Bunq has become one of Europe’s leading challenger banks without raising a single cent.
Now its considering expansion, but Ali Niknam, bunq’s CEO, must overcome Brexit and the coronavirus crisis.
Ali Niknam was an avid programmer since childhood and studied computer science at the Delft University of Technology. He has launched the web-hosting startup TransIP in 2003 when he was only 21 years old.
With his money from TransIP Niknam was able to launch bunq. Since 2012 bunq was able to go live across 30 countries and has processed over €433m in user deposits. This was done so without a cent of venture capital funding, something almost none of its competitors have managed.
Niknam suggests that venture capital funding might be bunq’s next step. But first, bunq must deal with the fallout of the coronavirus and decide whether or not Brexit will become the end of the presence in the UK.
The transition from IT to banking wasn’t a bit easy for Niknam.
“I went from a completely unregulated sector to a heavily over-regulated sector,” Niknam says. Ensuring bunq complied with both Dutch and international regulations was the “most complex part of [running] a bank.”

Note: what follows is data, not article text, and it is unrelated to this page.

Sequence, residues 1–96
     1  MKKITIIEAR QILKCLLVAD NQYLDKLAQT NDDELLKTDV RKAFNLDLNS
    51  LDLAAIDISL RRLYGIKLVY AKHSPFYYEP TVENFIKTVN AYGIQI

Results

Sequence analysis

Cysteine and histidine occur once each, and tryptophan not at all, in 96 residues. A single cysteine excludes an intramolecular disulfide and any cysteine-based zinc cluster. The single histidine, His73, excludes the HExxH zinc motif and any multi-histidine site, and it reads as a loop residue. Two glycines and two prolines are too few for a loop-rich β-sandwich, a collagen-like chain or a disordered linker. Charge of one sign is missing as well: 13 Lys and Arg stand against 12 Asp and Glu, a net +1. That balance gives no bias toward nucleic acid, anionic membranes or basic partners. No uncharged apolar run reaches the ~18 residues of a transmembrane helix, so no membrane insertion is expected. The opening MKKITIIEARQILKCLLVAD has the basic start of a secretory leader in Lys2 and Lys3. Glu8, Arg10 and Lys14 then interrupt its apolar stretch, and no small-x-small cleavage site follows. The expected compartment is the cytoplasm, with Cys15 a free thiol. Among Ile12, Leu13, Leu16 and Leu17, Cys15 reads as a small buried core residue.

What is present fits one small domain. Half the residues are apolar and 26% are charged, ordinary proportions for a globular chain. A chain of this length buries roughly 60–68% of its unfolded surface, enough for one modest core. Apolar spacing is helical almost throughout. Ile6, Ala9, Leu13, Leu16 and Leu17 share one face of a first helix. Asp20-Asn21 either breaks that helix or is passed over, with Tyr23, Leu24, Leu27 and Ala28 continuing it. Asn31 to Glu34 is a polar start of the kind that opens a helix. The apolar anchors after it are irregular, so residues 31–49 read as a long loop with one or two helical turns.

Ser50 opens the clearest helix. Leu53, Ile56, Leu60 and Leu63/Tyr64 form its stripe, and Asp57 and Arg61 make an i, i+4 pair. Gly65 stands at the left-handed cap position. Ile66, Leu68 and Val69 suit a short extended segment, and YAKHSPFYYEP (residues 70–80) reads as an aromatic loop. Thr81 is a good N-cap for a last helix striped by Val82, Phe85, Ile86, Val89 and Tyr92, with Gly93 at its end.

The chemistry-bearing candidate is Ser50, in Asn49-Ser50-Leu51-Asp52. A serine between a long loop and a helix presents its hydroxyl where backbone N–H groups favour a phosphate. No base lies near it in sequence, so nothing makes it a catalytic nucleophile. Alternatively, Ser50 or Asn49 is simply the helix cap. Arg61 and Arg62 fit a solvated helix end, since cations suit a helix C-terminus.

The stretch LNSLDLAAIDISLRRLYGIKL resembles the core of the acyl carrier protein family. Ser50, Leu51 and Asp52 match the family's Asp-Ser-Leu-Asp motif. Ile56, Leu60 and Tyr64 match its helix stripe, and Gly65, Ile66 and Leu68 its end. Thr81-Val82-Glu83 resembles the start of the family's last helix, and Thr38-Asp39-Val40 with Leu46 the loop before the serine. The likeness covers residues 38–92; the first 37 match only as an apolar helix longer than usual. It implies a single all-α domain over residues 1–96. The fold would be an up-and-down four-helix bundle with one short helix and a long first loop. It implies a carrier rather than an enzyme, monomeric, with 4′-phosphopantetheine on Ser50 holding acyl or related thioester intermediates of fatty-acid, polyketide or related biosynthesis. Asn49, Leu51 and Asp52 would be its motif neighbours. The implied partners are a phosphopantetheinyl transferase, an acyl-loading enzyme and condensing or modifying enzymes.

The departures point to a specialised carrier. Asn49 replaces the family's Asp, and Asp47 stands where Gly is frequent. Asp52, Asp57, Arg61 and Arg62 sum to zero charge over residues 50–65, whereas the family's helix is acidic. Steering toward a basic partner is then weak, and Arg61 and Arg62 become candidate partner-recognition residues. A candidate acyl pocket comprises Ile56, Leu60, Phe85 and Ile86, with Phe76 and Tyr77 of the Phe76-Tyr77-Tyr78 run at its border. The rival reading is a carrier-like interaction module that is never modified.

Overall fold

To obtain a banking license from the Dutch Central Bank (DNB) was also a very hard task. “The Dutch authority is very, very strict, maybe even one of the strictest in the world and [there hadn’t been a new issued] banking license for 35 years,” he says, adding that those three decades have added more regulations and restrictions.
Bunq has also launched with almost no marketing in place. “If you’re able to create a product that people love to use, that surprises them and delights them, then they will talk about it with their friends, and I think, bunq has been successful in doing that,” Niknam concludes.